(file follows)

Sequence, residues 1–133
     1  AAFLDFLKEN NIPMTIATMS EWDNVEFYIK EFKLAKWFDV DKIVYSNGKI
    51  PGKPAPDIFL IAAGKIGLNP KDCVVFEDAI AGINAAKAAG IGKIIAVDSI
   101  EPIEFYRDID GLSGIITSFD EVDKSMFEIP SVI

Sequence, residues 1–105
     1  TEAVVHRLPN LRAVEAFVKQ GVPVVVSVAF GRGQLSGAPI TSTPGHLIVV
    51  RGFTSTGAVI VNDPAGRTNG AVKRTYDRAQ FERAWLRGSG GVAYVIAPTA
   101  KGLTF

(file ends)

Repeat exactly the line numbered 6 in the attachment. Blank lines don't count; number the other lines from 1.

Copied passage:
     1  TEAVVHRLPN LRAVEAFVKQ GVPVVVSVAF GRGQLSGAPI TSTPGHLIVV